A multitude of wildfires rolled its way across the High Plains in early March and destroyed acres, homes, and took the lives of countless livestock. The Texas Panhandle was an area hit hard by the wildfire.
Texas fields are ready to plant as another season is upon Ryan Johnson, a farmer from Ochiltree County. It’s much harder to see from inside the cab of his truck where memories burn and images of the wildfire raging across the countryside still too fresh to call the past.
“I was actually on [a] tractor [when] I got the call,” said Johnson. “I just sat and looked up and there it was.”
The wildfire in Perryton, Tx. rolled through untamed and without discrimination. In Texas, half a million acres was charred.
The State Animal Health Commission estimates 2,500 head of cattle and 1,900 hogs were lost to the flames.
“I was up at the elevator and we got big liquid tanks we haul fertilizer around in—we started filling up tanks with water and bringing it to help,” said Cody Gerlach, a Perryton resident.
It’s hard to believe in March the terrain could look so different in two months’ time. The grass is growing back.
“It’s not grazeable yet,” said Johnson. “These recent rains are really helping us out, especially since we’re getting heat. It’s really helping.”
It’s moisture Texas producers don’t normally see. The National Weather Service (NWS) in Amarillo says pockets of Ochiltree County saw five to six inches of precipitation this spring, 200 to 300 percent above normal in April.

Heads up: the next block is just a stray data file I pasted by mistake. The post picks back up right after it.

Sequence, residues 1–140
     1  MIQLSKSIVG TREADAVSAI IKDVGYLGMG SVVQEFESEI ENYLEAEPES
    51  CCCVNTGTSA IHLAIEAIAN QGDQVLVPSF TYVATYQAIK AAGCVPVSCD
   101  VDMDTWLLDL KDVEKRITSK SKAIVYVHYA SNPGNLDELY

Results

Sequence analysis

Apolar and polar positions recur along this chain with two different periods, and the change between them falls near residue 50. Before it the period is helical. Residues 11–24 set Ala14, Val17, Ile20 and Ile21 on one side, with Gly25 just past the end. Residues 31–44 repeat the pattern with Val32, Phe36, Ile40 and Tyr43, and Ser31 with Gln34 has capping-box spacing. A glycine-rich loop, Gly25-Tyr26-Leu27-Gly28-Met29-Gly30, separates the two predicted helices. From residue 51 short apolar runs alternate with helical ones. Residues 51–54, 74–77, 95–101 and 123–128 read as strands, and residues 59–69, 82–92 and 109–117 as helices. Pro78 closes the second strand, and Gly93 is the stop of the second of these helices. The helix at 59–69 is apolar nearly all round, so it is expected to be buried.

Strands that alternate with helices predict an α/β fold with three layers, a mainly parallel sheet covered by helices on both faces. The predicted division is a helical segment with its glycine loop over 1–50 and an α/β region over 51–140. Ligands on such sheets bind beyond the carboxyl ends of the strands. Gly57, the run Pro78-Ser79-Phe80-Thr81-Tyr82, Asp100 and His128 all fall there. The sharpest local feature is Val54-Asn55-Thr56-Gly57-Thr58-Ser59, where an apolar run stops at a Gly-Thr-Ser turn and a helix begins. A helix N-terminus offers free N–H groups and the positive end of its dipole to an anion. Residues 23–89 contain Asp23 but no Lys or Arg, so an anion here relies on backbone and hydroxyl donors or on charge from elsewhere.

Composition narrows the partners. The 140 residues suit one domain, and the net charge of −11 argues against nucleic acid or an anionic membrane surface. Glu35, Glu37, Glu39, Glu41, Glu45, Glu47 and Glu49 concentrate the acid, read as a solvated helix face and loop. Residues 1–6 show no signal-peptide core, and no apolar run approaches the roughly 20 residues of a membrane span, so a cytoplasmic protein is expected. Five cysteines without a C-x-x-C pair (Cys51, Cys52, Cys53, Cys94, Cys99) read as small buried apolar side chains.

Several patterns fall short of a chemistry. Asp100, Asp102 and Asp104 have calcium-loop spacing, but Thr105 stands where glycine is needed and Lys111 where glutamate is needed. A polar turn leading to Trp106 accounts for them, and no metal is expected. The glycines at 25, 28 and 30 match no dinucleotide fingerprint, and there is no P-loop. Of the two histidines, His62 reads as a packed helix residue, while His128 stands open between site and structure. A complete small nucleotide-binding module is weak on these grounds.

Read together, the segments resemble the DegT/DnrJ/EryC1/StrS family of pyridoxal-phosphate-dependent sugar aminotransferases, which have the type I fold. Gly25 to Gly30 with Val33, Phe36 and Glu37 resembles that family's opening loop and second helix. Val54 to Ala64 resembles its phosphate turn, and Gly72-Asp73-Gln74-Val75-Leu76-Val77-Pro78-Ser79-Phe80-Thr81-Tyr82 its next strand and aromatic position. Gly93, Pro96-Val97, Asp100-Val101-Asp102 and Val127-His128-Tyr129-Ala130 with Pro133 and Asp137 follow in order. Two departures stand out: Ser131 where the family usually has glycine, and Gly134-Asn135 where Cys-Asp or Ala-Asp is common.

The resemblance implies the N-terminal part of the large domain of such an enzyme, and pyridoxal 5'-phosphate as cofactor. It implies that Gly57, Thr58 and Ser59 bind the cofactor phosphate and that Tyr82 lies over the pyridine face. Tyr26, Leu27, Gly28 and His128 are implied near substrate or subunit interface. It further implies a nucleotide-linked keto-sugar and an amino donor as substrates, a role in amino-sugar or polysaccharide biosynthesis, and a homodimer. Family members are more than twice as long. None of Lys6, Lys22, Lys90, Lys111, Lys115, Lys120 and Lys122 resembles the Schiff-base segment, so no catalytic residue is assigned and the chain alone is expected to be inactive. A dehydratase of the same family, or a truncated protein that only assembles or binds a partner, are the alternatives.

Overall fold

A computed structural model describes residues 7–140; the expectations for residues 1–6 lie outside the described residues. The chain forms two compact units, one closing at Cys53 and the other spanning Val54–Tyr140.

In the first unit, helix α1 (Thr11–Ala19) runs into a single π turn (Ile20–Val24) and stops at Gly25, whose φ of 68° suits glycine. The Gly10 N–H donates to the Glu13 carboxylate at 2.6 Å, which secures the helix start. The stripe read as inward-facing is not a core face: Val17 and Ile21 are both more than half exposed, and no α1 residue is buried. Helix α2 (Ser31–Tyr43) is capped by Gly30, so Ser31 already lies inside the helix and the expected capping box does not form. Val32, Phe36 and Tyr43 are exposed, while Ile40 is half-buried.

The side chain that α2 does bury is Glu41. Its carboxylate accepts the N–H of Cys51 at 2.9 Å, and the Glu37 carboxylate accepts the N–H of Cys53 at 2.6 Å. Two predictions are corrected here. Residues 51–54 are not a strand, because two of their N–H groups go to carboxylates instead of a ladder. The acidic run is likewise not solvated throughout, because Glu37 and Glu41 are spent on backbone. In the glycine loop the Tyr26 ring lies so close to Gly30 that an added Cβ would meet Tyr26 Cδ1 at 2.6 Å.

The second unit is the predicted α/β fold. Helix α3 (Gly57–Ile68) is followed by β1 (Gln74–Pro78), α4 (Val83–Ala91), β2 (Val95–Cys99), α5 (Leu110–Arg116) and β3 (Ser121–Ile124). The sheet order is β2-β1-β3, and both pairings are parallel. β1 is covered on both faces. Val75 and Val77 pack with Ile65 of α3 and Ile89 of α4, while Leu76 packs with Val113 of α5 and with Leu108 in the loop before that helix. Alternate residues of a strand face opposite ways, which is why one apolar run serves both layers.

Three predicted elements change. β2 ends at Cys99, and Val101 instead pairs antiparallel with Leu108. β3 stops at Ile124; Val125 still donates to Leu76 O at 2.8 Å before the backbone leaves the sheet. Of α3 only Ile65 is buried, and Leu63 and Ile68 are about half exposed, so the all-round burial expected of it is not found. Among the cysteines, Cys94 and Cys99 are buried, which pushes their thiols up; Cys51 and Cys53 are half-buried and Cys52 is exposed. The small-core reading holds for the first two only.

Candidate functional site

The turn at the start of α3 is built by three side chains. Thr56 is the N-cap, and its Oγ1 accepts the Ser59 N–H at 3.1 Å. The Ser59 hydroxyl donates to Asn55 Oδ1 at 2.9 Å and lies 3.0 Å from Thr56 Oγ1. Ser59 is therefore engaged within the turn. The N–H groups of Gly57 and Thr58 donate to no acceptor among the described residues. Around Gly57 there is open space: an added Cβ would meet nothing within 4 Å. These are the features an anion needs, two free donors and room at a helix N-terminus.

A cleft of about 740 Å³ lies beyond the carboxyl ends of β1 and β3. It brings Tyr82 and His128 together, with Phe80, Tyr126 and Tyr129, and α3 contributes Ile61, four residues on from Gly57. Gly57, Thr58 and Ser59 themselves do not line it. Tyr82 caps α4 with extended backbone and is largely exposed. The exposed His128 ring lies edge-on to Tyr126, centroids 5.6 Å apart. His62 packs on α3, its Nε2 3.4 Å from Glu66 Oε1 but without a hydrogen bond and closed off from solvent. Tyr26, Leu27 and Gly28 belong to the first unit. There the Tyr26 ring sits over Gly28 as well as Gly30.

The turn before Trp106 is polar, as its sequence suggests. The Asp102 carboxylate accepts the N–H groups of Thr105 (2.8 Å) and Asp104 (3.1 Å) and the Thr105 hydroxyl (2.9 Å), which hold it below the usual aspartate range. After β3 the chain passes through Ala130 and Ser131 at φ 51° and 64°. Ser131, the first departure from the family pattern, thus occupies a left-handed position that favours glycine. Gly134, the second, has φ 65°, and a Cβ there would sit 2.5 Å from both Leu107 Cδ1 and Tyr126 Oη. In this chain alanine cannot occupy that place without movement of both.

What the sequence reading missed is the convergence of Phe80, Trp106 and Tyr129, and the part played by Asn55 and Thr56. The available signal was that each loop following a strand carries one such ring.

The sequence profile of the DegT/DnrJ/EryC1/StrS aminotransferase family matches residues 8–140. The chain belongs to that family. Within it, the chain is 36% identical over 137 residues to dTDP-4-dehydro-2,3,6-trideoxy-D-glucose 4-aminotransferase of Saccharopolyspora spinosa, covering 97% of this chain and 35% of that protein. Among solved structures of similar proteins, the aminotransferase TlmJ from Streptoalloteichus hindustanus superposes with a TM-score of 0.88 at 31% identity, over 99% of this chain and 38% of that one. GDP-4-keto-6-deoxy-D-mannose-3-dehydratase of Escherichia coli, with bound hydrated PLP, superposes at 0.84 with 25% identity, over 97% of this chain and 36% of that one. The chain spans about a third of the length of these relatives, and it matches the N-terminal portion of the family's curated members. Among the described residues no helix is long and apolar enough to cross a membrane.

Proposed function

“If this were a drought year, this grass would not look this good,” said Gerlach.
Yet, ranchers say some producers may be able to put livestock back out to pasture this fall. For others, it may be years, depending on damage.
While restoring forage is a slow process, the community response has been fast.
“It was neat to see how a small town reacts to a disaster like this,” said Gerlach. “[It was nice] to see where all the people came in, they all helped each other out. No one was fighting. No one was angry. They all worked together. Our one common goal was to make sure that everyone was taken care of and it was pretty neat.”
Life is slowly getting back to normal, growing grass, planting crops and rebuilding fence.
“I’m sure there are people who are hurting worse off than they’re even talking about,” said Johnson.
These producers are resilient but their progress may be harder to see.
Drovers and The Farm Journal Foundation started “The Million Dollar Wildfire Relief Challenge” to raise money for ranchers to rebuild. The Howard G. Buffett Foundation says they’ll double donations up to $1 million.
So far, more than $500,000 has come in from 46 states. The funds will go to the Working Ranch Cowboy’s Association for grants to help rebuild fencing.